Nurtrition expert Sir Jim Mann wants the Government to up its game in addressing diabetes and heart disease.
It comes as the pioneering researcher is one of three new knights companion of the New Zealand Order of Merit in the 2022 New Year Honours for his services to health.
Mann, who became a companion of the New Zealand Order of Merit in 2002, has worked for more than three decades on world-leading interventions in the fields of coronary heart disease and diabetes with the University of Otago.
In recognition of his expertise in nutrition, Mann has been appointed by the World Health Organisation to lead and serve on numerous advisory groups and centres, including the Collaborating Centre for Human Nutrition, the Nutritional Guidance Advisory Group and the Expert Advisory Panel on Nutrition.
On his knighthood, Mann admitted it was a surprise and hoped his colleagues would see it as acknowledgement of their work as a whole.
"I don't see this as recognition for me specifically but rather recognition for the kind of work we do, the importance of the work we do."
Mann's work had been a significant contributor to changing perceptions of how lifestyle could impact health outcomes.
Thirty years ago, Mann said, there was very little interest in what role people had themselves in preventing disease such as diabetes and heart disease, but that had since changed.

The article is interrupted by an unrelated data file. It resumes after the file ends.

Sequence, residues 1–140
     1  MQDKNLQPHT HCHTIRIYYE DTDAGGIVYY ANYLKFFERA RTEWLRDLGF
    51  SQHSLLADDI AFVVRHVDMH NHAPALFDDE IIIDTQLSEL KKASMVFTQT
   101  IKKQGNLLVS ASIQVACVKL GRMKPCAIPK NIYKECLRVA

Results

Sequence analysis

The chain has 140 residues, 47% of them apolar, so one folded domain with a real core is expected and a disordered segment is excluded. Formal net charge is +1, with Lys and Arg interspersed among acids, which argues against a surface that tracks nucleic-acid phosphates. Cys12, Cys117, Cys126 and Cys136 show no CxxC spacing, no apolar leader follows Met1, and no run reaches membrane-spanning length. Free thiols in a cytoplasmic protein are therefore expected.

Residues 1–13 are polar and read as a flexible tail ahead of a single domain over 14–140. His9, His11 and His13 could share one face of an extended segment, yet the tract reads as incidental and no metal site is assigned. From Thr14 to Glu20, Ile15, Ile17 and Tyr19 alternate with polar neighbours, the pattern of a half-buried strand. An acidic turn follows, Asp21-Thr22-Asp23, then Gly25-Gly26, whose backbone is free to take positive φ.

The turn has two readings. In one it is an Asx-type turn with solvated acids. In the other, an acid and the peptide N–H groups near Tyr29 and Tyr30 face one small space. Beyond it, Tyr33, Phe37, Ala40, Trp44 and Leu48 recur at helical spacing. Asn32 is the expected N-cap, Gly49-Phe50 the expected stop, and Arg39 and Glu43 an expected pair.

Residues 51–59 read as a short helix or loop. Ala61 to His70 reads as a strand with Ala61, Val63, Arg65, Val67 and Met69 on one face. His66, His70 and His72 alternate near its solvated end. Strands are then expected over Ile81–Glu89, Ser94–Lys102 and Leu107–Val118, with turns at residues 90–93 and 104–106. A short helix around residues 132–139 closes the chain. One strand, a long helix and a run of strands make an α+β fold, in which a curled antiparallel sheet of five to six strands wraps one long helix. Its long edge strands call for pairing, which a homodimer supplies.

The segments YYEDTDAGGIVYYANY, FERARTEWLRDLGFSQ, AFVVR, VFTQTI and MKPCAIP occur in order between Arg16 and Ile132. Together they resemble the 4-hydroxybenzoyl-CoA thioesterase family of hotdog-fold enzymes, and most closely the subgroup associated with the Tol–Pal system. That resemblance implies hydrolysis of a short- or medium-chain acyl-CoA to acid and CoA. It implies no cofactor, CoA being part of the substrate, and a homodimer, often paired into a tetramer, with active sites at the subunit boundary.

"I think that in the last three to four decades, people have now started to accept as indeed they did for smoking many years before, the importance of lifestyle in these really important diseases; diabetes, heart disease, cancer."
He noted great strides were made under the Helen Clark government with a world-leading programme, Healthy Eating - Healthy Action, which focused on young people.
It was later scrapped by Sir John Key and while Mann acknowledged the current Labour Government had made some efforts to promote such causes, it still wasn't enough.
"I regret to say, although the current Government has done some things in this direction, there is a huge amount more which can be done.
"The next step is serious action."
He believed if Kiwis were enabled to change their more destructive eating and living habits, the risk of type 2 diabetes could be reduced by more than half.
Mann hoped New Zealand's journey with Covid-19 would help inform more equitable application of services to fight these diseases.
"Covid has taught us what we have to do in order to reduce that inequity in terms of infectious diseases so we need to translate tht into non-communicable diseases."